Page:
On 1 April 1940, Pfitzer was promoted to Leutnant (2nd Lieutenant) and received rank seniority (Rangdienstalter) from 1 April 1938. On 10 May 1940, the Battle of France had begun. On 12 May 1940, the regiment's command post was near Sugny (Ardennes). On 12 May 1940 at around 3 p.m., the III. Battalion of the regiment, with the support of the II. Battalion of the 56th Artillery Regiment under Captain Söth, took Neuenberg and met local resistance at Brechen. On the same day, the 1st Battalion of the regiment, supported by two platoons of the 1st Panzer Regiment and the 2nd Battalion of the 73rd Artillery Regiment, took the Semois near Bouillon. It cleared the city and formed a bridgehead on the southern bank elevations by the afternoon. During the night the town of Fleigneux was firmly in German hands. As a result, the division attacked on 13 May 1940 over the Mass on Sedan. During the night of 18 May 1940, the bridgehead was extended to the north beyond Thenelles. At noon the regiment advanced under the 1st Rifle Brigade on Vermand and took Hancourt in the course of the afternoon. The 2nd battalion of the regiment crossed the Somme on 19 May 1940 and formed a bridgehead without contacting the enemy, which could be extended to the south and south-west. On 20 May 1940, the 1st Battalion of the regiment was deployed as the vanguard of the 1st Rifle Brigade. First this vanguard reached St. Albert and then around 3 p.m. La Chausée – Tirancourt the Somme. The regiment, reinforced by parts of the 2nd Panzer Regiment, 1st Division of the 73rd Artillery Regiment, 2nd Division of the 45th Artillery Regiment and 616th Artillery Battalion, reached the crossing over the river under weak enemy resistance. By the late afternoon, the I. and III. Battalion formed a bridgehead south of Piequigny. The 2nd battalion of the regiment fended off several attacks near Camon, east of Amiens, with the support of the 2nd battalion of the 73rd artillery regiment. Then, by 5:15 p.m., the 2nd Battalion detached the 2nd Battalion from the 1st Panzer Regiment from their security near Dury. At around 7:30 p.m., English attacks near Salouél began at the seam between the regiment and the 1st Kradschützen Battalion. These attacks were repulsed. On 21 May 1940, the regiment had its first day off, which was used to maintain technology and rest. In the late afternoon of 22 May 1940, units from the regiment reached Samer as part of the 1st Rifle Brigade. The place was taken and progress was made towards Wirwignes. From there, the II. Battalion turned from the regiment to the embattled Desvres. Battalion commander Major Ludolf Wilhelm Dodo Eberhard von Jagow, son of General der Kavallerie Walther Julius von Jagow, was killed there that day ( due to shot in the heart).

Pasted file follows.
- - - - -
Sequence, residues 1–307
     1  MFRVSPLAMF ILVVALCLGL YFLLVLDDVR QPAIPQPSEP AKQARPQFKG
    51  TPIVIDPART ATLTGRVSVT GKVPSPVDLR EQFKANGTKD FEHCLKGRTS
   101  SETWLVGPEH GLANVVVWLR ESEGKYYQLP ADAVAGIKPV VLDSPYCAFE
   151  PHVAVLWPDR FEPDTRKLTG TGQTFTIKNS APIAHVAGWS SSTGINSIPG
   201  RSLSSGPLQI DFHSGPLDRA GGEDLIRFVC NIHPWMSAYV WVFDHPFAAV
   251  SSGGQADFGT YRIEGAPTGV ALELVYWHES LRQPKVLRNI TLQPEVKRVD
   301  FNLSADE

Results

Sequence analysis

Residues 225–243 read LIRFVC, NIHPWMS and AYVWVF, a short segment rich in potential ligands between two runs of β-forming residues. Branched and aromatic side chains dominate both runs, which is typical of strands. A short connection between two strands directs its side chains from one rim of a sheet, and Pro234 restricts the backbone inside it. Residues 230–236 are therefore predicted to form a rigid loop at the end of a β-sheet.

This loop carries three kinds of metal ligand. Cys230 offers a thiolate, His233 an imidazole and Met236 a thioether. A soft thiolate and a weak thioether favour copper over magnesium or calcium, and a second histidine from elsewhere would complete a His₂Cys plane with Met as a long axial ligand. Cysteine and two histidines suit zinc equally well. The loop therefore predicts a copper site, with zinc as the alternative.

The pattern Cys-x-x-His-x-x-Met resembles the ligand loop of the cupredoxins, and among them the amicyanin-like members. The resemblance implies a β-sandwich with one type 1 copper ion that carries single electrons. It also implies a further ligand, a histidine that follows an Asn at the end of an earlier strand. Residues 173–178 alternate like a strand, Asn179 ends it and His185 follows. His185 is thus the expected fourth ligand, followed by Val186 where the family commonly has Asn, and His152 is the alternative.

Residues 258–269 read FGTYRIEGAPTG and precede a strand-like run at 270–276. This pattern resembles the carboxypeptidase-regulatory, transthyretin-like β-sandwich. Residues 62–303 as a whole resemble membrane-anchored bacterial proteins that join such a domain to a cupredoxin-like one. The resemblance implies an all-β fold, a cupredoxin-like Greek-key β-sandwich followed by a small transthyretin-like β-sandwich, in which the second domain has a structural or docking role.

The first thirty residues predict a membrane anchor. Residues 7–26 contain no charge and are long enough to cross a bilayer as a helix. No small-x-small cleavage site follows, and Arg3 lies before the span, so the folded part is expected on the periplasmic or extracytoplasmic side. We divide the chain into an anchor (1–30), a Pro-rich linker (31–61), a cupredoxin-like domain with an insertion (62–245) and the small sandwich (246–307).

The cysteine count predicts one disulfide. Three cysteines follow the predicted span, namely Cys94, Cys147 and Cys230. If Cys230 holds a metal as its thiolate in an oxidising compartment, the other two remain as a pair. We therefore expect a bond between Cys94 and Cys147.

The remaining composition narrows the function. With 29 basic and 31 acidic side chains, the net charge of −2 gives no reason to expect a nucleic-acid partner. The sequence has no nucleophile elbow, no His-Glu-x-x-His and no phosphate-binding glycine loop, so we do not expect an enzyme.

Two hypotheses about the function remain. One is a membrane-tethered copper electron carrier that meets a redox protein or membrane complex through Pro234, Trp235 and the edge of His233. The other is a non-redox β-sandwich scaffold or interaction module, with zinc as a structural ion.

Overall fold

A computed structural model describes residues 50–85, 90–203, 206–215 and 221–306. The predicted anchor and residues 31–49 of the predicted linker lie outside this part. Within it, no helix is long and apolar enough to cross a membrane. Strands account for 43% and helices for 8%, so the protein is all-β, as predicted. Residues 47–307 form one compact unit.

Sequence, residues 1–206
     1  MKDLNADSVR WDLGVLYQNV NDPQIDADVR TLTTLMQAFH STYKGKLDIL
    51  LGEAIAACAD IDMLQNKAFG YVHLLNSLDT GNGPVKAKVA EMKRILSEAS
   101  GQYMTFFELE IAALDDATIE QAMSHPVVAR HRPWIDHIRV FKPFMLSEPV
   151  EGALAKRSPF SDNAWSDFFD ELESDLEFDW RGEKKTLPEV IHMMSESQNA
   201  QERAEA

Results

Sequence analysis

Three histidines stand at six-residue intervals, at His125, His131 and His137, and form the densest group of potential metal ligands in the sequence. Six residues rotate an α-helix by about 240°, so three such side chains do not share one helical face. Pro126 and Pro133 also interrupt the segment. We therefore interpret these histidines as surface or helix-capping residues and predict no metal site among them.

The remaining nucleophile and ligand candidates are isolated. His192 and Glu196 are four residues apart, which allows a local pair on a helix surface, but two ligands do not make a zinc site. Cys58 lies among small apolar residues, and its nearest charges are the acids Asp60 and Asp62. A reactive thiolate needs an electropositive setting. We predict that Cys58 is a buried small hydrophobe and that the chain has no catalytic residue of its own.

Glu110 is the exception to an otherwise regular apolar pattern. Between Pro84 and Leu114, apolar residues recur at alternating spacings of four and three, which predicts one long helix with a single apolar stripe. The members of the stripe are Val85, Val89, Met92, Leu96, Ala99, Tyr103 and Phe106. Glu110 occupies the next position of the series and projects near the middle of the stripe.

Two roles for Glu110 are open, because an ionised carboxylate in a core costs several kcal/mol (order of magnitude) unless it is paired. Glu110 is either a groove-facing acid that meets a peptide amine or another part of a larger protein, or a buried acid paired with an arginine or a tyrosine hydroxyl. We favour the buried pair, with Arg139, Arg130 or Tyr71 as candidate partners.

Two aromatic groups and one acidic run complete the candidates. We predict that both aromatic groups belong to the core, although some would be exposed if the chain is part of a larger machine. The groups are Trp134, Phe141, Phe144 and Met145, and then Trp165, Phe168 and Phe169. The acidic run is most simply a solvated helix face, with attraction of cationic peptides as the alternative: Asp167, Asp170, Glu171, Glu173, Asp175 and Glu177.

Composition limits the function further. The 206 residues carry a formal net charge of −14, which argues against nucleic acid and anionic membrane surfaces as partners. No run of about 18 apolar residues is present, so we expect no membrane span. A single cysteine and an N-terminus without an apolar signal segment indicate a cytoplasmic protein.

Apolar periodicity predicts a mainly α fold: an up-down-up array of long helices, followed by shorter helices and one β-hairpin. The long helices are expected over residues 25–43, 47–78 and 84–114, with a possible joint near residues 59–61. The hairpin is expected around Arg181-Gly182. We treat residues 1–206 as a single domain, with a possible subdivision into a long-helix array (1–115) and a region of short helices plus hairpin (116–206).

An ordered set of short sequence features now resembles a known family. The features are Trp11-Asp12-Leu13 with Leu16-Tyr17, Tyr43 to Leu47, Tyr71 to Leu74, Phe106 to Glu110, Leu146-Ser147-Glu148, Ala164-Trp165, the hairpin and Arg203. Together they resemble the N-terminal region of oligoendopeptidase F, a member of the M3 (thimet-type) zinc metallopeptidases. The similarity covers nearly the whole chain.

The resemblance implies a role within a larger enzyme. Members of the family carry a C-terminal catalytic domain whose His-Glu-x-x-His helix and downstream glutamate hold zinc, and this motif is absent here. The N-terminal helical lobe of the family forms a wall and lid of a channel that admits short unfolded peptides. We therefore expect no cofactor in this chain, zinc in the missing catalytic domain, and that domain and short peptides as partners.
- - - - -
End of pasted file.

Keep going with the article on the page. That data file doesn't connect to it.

On 17 June 1940, the regiment was deployed to block the roads in the Gray area leading from the northeast into the divisional area. At 5 p.m. the regiment and the division attacked Montbéllard. Shortly before 7 p.m., the "Krüger Battle Group" reached Baumes-Les-Dames. The 1st Panzer Brigade, with the 1st Battalion of the regiment, had passed through Oiselay. The division decided to order the capture of Belfort on its own. With parts of the II. and III. Battalions from the regiment, Montbéllard was purged. When the II. Battalion of Panzer Regiment 1 entered Belfort, the II. Battalion of the regiment followed the tanks directly into the town center. By 8 o'clock the city was in the hands of the division except for the outer forts and the citadel. The second battalion of the regiment was deployed against the citadel, but remained under defensive fire. At 2 p.m., the 2nd Battalion of the regiment, supported by the 2nd Section of the 73rd Artillery Regiment, attacked the eastern works of the inner fort. The riflemen stormed Fort des Hautes Perches and also took Fort de la Justice and Fort de la Miotte by evening. To the right of 2nd Battalion, 1st Company of Panzer Engineer Battalion 37 had advanced on Perouse. The 1st battalion of the regiment belonged to the advance group Breusing of the Panzer-Brigade 1. This attacked Belfort from the north-east. Advancing on Giromagny, the group received artillery fire from forts north and south of Giromagny. A scouting party from the 1st company from the regiment entered Giromagny and surprised the 900-strong garrison. Shortly after 4 p.m. the German Reichskriegsflagge was hoisted on the Belfort citadel. On 19 June 1940, Major von Studnitz set off for the Fort du Ballon-de-Sevrance with the 1st Battalion of the Regiment and the 2nd Section of the 73rd Artillery Regiment via Plancher-BAS and Plancher-les-Mines. This was then stormed with the help of the engineers from Mountain Pioneer Battalion 85, under Colonel Richter. The III. Battalion from the regiment advanced against Fort Chateau-Lambert and the Marienhöhe in the most difficult forest terrain. From noon on 20 June 1940, the III. Battalion from the regiment over a 16-ton war bridge built by Panzer-Pionier-Bataillon 37 over the Moselle to follow the advance detachment of skirmish group (Gefechtsgruppe) Krüger, with the 2nd battalion from the regiment and parts of the 1st detachment from Panzer-Regiment 1. The Regiment's 1st Battalion secured the Ballon-de-Sevrance area that day. On 23 June 1940, the regiment and the division marched into the Bugny-Morteau area. The repair of weapons, vehicles and equipment began there. For the successes in the French campaign, the commander, Lieutenant Colonel Hermann George Otto Balck, and the battalion commander of the II. Battalion, Major Dr. jur. Josef-Franz Eckinger, were awarded the Knight's Cross of the Iron Cross. Leutnant Pfitzer received the 1st Class of the Iron Cross.